Many museums are inspired by their location--founded as a way to preserve the building they occupy. The Museum of Reclaimed Urban Space is one such organized. The tiny museum is housed on the ground floor of the famous C-Squat building in Alphabet City. It is dedicated to preserving the history of urban activism and populist organization to drive change in government policies. Its collection of photographs, pamphlets, signs, graffiti, and zines tell the story of a once-fringe movement can slowly change an urban culture.

What You Will See

The tiny museum contains unexpected artifacts from Alphabet City's time during the decades of neglect and decay suffered during the 1970s and 1980s. Visitors are introduced to the grassroots urban activism that addressed issues no considered mainstream, like urban gardening and composting, safe cycling on city roads, and the priorities of community spaces. While still active in local issues, the museum is also a celebration of past successes and the unique culture created by New York Squat houses.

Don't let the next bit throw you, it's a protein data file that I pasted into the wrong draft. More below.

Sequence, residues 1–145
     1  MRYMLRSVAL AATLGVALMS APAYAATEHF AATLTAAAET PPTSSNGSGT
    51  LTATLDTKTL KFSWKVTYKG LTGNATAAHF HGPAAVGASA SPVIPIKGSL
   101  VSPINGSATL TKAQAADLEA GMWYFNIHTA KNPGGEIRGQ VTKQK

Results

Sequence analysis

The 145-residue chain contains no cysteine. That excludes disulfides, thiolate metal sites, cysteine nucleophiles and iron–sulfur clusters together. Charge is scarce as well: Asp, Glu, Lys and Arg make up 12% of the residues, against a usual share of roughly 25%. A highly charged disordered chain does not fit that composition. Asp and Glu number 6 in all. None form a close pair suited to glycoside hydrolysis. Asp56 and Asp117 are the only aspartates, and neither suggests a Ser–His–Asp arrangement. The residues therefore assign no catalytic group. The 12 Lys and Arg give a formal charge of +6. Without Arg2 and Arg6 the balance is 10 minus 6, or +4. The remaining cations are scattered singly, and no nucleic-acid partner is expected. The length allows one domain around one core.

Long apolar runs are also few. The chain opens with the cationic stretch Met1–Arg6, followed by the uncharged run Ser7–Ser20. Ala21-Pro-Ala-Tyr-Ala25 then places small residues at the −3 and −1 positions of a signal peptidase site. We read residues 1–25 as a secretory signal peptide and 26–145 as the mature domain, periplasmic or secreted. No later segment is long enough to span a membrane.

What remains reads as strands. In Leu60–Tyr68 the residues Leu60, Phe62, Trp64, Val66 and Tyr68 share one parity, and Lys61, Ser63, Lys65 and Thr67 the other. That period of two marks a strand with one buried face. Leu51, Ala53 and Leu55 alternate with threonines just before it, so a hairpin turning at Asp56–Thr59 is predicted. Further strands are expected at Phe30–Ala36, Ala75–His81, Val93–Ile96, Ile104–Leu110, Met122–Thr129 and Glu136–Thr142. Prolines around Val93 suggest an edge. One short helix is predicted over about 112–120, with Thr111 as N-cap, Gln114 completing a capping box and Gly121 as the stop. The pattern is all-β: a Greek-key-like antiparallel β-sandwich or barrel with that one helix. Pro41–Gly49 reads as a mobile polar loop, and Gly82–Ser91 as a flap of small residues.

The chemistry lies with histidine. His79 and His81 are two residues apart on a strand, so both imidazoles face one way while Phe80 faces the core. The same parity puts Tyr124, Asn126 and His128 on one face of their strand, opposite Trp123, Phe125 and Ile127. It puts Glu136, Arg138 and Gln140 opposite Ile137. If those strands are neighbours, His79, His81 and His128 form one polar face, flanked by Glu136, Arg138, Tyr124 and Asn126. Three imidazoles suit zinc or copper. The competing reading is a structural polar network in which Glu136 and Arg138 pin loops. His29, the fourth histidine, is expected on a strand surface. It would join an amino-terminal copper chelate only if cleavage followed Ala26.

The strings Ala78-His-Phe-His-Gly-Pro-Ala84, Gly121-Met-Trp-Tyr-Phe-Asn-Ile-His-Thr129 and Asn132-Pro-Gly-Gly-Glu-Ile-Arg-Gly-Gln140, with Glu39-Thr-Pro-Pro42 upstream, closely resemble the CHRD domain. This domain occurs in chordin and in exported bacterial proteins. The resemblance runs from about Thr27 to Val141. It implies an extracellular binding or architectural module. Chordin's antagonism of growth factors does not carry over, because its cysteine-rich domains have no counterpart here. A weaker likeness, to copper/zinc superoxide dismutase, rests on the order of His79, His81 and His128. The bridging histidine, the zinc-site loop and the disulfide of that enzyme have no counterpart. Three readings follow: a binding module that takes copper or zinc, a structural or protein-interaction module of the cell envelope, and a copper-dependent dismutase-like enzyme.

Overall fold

Why You Should Go

Many historic buildings in New York are preserved as a time-capsule of a bygone lifestyle. Unlike the Merchant House Museum, the Mount Vernon Hotel Museum, or the Morris-Jumel manion, the lifestyle preserved by the Museum of Reclaimed Urban Space is not particularly glamorous. During the economically depressed decades of the 70's and 80's, many tenements in Alphabet City and the Lower East Side were abondoned by landlords. Vacant buildings were occupied by squatters who reclaimed the unused urban space. Times have changed and few Squats remain, but one of the most famous, the C-Squat, is a reminder of that unqiue time in New York City history

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